Here we can see, because Point3D is a class, when mypoint is passed to addThree, all three coordinates have been modified.

The output shows that adding 3 to each of the structs's properties was lost after executing the method

Now because Point3D is a struct, the values of X,Y,Z are the same as they were before calling the method. This is because Point3D is now a value types where the entire contents of the struct are copied when passed to the method. ‘addThree’ manipulates its own copy of the struct, which is thrown out at the end of the method and the original mypoint remains unmodified.

The output shows that adding 3 to each of the structs's properties was not lost after executing the method

In this example manipulating the struct’s properties were not lost. This is because the struct was passed by reference. Instead of the struct’s contents being copied before being passed to the method as in the pervious example, the struct’s reference was passed to the method just as if it were a class. This can give you the best of both worlds, however will make your software somewhat less maintainable because it’s easy not to include the ‘ref’ when declaring the parameters. The C# compiler will not warn you of this mistake and would be difficult to track down.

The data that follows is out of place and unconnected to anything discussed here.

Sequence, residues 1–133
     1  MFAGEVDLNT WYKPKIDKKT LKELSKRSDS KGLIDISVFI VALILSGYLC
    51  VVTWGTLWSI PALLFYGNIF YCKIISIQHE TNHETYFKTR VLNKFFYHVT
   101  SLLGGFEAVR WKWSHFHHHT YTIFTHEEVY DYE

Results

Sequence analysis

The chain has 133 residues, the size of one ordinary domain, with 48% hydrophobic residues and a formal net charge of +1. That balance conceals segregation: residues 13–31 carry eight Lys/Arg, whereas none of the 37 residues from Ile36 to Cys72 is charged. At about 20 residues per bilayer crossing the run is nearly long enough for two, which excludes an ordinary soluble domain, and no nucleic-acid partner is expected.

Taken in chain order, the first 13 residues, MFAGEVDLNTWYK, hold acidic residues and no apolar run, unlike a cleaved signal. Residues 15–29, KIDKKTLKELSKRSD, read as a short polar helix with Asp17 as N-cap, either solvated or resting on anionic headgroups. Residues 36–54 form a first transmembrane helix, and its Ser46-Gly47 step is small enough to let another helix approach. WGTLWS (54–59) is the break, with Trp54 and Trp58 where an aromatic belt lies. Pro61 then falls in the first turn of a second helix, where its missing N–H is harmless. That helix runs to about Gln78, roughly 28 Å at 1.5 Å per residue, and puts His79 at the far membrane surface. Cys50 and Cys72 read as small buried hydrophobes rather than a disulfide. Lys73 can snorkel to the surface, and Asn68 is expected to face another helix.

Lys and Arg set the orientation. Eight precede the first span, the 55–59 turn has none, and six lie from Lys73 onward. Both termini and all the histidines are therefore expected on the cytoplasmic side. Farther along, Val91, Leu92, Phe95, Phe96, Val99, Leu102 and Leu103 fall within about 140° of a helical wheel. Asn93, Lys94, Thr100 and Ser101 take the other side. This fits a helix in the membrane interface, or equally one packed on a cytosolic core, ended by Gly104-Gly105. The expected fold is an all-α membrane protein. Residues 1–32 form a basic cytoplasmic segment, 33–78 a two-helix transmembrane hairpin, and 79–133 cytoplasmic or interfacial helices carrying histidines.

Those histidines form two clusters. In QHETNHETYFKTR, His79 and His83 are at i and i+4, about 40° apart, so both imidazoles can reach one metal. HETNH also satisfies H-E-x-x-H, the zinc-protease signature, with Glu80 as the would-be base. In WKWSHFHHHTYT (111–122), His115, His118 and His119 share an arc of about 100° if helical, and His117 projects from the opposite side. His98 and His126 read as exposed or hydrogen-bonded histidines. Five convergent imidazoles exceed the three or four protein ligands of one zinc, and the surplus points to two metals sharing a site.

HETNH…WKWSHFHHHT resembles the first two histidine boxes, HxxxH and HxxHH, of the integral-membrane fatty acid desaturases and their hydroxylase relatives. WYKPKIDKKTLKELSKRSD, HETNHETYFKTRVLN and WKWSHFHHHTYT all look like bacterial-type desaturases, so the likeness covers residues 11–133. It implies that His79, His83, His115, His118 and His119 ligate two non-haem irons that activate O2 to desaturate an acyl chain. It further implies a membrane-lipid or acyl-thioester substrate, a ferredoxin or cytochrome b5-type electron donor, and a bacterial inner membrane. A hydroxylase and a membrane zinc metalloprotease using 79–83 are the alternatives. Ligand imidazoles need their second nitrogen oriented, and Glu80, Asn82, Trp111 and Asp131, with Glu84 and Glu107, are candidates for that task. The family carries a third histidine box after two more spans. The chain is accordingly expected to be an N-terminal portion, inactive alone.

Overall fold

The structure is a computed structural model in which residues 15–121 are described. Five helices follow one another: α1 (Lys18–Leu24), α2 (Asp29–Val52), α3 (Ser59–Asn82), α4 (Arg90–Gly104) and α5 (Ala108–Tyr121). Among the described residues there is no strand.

It has an instance size under 16 bytes.

Before I found this StackOverflow question I could only speculate why this would be recommended. This recommendation is for nothing more than performance. 16 bytes is thought to be a sweet-spot for performance because structs will be copied by value. Because of this, every property in the struct needs to be copied. As the size of your struct grows, this becomes more work.

This recommendation should be taken with a grain of salt and should not be a deal-breaker for choosing struct. You should never make a design decision based-on performance without measuring. Test both ways and choose what is most important to you.

It is immutable.